It is in sinking that we grow

Reflections on darkness, growth and the body in the garden. A piece by Liz for CoVictory Gardens.

Tending the land is a bridge between my body and the natural world. When I slow down enough to observe the act, it becomes a reminder that I am not, was never, separate from nature.

When I plant, I begin to recall something so intrinsic and beyond my time that I hear a quiet, familiar whisper telling me who I am. Telling me who we are.

“I am nature.” - Jackson Pollock when asked if he worked from nature in his paintings.

This reminder feels a bit like a call to surrender into the unknowns of nature’s fickle cycles, those cycles that send us into the depths and pull us back up, again with hope for a better future.

These days, that cycle feels like sinking fast into a free-fall of darkness. But the earth, the soil, also knows darkness. The soil knows that its darkness, combined with the power of light, is what breathes new life into a seed.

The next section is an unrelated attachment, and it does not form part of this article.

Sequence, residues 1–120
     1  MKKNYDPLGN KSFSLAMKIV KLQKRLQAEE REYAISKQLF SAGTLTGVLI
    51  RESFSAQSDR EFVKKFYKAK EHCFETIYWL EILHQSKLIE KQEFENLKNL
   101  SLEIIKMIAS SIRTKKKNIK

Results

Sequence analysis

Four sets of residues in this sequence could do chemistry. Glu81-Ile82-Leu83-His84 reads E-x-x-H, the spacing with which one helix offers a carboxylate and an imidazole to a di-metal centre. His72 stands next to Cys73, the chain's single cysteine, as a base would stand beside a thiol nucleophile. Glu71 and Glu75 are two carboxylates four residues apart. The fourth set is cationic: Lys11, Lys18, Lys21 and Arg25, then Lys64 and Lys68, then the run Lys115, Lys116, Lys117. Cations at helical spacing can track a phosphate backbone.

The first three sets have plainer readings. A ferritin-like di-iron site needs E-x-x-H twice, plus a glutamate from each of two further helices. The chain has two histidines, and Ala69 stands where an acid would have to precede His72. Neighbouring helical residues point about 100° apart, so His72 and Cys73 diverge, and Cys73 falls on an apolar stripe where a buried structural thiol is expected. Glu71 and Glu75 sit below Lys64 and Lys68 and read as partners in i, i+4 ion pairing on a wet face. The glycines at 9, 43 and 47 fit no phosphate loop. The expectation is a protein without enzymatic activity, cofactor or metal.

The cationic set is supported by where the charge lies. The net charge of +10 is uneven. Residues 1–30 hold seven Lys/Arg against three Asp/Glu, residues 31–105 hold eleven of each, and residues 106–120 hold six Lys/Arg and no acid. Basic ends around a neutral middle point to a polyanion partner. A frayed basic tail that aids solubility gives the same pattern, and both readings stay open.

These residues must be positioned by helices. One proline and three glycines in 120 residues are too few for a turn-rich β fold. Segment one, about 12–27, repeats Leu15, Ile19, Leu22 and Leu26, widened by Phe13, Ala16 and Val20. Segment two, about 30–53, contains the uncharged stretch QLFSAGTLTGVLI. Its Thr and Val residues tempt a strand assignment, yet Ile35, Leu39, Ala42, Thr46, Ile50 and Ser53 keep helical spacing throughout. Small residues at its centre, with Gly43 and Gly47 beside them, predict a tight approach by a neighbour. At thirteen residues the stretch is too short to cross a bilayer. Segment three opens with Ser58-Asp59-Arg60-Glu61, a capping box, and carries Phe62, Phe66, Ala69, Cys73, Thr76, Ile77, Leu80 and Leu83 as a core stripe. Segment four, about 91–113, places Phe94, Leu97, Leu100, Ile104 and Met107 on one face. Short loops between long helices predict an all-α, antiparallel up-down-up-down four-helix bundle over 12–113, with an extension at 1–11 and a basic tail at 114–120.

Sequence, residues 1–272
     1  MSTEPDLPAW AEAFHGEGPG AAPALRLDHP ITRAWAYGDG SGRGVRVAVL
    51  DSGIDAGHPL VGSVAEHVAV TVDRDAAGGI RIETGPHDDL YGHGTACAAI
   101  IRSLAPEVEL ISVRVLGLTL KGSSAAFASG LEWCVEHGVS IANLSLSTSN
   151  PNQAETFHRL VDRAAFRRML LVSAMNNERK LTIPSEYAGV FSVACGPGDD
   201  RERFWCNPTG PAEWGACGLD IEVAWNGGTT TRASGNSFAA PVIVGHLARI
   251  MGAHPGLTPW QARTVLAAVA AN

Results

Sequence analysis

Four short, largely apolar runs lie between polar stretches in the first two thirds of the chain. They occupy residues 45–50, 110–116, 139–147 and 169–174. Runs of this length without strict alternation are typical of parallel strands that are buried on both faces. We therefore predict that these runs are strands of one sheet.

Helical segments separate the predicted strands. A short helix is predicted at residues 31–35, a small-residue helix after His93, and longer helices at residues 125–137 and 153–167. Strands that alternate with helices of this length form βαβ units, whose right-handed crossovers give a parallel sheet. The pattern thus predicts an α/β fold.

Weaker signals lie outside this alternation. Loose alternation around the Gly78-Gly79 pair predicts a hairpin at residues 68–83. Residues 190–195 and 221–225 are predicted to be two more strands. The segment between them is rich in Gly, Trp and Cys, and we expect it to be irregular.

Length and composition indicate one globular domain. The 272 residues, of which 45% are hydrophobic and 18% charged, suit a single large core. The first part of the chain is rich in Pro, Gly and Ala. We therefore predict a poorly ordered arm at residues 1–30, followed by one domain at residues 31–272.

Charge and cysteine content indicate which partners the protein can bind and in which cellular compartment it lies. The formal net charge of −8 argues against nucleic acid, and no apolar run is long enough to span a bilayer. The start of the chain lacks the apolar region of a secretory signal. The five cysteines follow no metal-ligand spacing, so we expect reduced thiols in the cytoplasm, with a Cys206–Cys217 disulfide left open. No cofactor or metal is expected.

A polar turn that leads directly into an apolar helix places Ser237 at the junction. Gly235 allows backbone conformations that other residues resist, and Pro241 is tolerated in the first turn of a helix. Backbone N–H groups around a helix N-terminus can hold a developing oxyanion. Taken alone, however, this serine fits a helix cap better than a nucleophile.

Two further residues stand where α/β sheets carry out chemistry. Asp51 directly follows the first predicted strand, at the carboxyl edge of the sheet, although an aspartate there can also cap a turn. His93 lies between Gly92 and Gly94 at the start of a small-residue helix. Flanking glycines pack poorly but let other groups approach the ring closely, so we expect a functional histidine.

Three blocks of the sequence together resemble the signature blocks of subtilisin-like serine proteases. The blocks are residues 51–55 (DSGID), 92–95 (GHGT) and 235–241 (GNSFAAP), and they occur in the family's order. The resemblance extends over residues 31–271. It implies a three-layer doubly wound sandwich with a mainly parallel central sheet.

"Melon Seeds" by Liz Brindley

When I press seeds into the soil, I am reminded that this sinking asks me to release control and fall into faith. When I press seeds into the soil, I am reminded that:

To sink is to discover.
To sink is to let go.
To sink is to allow.
To sink is to receive.
To sink is to trust.

To sink is to give myself over to something bigger than my individual mindset and tap into the collective consciousness that runs through the veins of our living, breathing bodies, and the veins of the living, breathing plants that we tend.

As I push seeds into soil, I’m reminded that the soft earth is here to catch us, to cradle us, to smooth out the fearful human tendency to be rigid with our unknowings. The soil scoops us back up when we fall, asking only in return that we keep tending to her with brighter awareness and compassion.

Photo by Story Portrait Media for ©Squash Blossom Local Food, Inc.